Why is this series called “The Road to Reality”? As I wrote in my newsletter, I’ve had an odd, intellectual fever dream going for years now; I’d like to learn enough advanced math and physics to make my way through Roger Penrose’s The Road to Reality, and not just understand it, but feel in my bones what it’s like to intuitively get our current best guess about how reality works.
This book is infamous. It was published as a popular science book, but Penrose is so miscalibrated (“optimistic”, as he puts it) about everyone else’s level of mathematical ability that he refused to cut any corners on the road to general relativity, quantum field theory and Twistor theory, his own Theory of Everything.
Why choose such an absurd target? Certainly not because of any direct effect the book will have on my career. I don’t really know anyone I can even talk to about most of the chapters.
I’m aiming at this book because I’m wired to love the experience of peering through new sets of Mental Lenses, and Roger Penrose is famous for the brilliant visual and geometric intuition he’s been able to thread through his entire working career, at every level of math and physics. He recently appeared on the Portal podcast with Eric Weinstein; I highly recommend you give this a listen, follow what you can, and delight in listening to Penrose try and convert the pictures in his head into language.
Does it matter that it’s difficult? Yes, I think it does.
I’ve also found that choosing some scary target motivates me more than more sane, smaller goals. It almost doesn’t matter if I ever read the book. It’s meant to act like a big, gravitational body, hauling me (us!!) through the high plains of Mathematics. My real goal is to be able to play at the frontiers of modern science, and get a glimpse of the future earlier than I’d be able to without these modules loaded into my brain. I’d like to be able to do research at the edges, and that’s not really possible if I don’t speak the language.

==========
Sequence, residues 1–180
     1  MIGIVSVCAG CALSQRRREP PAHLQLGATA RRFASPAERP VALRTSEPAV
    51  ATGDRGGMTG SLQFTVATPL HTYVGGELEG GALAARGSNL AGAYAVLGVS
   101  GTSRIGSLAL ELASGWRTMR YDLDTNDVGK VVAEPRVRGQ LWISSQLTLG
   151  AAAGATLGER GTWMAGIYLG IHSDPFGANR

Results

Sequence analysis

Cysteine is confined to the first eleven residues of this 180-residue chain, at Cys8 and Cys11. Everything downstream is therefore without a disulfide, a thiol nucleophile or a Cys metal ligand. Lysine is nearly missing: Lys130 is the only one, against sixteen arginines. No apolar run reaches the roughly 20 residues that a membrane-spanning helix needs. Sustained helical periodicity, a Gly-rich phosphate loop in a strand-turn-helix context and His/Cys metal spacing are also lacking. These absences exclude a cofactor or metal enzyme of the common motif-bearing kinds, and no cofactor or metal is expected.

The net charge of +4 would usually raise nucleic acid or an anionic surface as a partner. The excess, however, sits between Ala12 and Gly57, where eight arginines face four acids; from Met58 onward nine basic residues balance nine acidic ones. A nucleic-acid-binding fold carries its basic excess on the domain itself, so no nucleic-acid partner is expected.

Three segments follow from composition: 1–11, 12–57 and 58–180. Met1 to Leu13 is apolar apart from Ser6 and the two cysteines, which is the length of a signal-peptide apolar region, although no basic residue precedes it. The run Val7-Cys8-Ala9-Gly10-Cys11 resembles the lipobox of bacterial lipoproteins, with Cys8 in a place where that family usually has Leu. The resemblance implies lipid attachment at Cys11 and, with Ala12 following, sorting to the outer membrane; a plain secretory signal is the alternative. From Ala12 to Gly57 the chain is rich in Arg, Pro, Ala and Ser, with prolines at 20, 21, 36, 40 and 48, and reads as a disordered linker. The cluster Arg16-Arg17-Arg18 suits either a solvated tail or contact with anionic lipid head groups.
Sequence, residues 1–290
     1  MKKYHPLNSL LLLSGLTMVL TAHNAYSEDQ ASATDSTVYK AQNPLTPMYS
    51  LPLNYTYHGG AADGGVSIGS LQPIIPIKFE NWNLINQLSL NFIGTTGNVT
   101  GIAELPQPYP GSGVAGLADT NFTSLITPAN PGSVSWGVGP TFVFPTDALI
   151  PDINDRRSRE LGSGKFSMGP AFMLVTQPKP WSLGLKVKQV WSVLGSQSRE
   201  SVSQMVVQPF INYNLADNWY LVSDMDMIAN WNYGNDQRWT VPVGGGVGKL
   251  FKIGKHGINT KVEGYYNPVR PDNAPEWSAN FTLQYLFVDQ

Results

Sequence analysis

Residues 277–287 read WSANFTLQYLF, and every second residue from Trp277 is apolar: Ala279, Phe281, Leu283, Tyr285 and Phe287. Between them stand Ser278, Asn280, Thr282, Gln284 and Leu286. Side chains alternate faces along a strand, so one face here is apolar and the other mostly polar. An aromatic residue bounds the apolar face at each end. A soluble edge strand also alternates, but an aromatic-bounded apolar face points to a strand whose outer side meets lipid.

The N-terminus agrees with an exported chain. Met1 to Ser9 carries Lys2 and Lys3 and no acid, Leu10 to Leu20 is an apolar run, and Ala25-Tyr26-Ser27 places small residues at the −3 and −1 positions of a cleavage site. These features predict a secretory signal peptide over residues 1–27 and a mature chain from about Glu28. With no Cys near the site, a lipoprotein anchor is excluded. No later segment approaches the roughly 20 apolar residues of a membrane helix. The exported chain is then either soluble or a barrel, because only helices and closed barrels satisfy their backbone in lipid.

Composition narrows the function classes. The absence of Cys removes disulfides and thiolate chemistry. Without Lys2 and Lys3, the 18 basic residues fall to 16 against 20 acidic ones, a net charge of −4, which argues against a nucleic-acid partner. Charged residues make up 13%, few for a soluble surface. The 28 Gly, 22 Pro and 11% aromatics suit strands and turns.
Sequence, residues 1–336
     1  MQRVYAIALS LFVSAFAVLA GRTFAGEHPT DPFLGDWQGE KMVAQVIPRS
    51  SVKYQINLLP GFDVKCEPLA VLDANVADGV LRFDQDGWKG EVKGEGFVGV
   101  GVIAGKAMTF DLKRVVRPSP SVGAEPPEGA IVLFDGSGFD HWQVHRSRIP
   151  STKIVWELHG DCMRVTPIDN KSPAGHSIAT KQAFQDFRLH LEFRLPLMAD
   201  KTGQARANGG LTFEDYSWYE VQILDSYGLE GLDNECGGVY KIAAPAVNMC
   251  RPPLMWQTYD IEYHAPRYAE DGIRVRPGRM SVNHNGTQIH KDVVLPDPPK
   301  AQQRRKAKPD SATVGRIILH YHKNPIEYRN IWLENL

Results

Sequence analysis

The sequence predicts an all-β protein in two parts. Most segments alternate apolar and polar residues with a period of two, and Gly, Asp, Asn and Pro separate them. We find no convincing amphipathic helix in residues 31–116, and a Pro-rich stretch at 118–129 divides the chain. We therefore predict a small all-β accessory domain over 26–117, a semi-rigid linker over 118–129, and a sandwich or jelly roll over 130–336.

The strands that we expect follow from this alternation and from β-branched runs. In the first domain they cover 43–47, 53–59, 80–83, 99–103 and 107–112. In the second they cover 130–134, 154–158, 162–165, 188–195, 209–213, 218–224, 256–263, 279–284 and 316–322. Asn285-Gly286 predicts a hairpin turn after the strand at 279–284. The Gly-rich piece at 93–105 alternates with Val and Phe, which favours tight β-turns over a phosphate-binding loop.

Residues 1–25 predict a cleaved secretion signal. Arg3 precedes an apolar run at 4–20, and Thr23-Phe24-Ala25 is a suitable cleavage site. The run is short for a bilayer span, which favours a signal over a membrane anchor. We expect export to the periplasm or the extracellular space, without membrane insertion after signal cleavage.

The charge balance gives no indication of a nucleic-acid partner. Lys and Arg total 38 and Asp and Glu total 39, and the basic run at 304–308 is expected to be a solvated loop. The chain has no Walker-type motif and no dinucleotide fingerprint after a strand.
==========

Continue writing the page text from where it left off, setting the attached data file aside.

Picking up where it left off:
Committing to a big goal, like signing up for a 100 mile trail running race off the couch, forces you out onto the trails and scares you enough to make you do your squats and pushups, and maybe even skip the doughnuts. The Turkey Trot 5k doesn’t do that for me.
There are probably other excellent targets, like working through the Feynman Lectures on Physics, and I expect we’ll cover some of those too. The point is to choose some big, scary thing that gets you tingling for some reason you don’t understand, and commit to it, however little sense it makes.
There is one more important motivation here. I’ve felt, for years now, a compulsion to learn and teach, and I’ve been avoiding actually doing that on a wider scale than 1-1. I hope that having you all along for the ride will scare me into keeping a regular cadence.
I’m going to send one more letter outlining the sorts of topics and books that we might tackle along the (Road to the) Road to Reality, and then I’ll pick a topic and get started on the real meat.
(If you have a moment, please reply here with a note telling me what you’re looking to get out of a larger study group, and why you were attracted enough to this to come along for the ride. See you soon!)
I just found out about your series from your mention of it at a group chat at work, and I'm on board! I fully embrace your "big scary goals" approach and I've recently come to a similar conclusion, which made reading this post more like seeing my own thoughts written down than reading someone else's. Best of luck to you and I'll be following along closely!
I would like to hitch a ride on the back of the pace car for your 100-mile mathematical odyssey. Is that possible? I would like to acquire an intuition of our best models of reality, without caring to acquire the skills necessary to do the maths.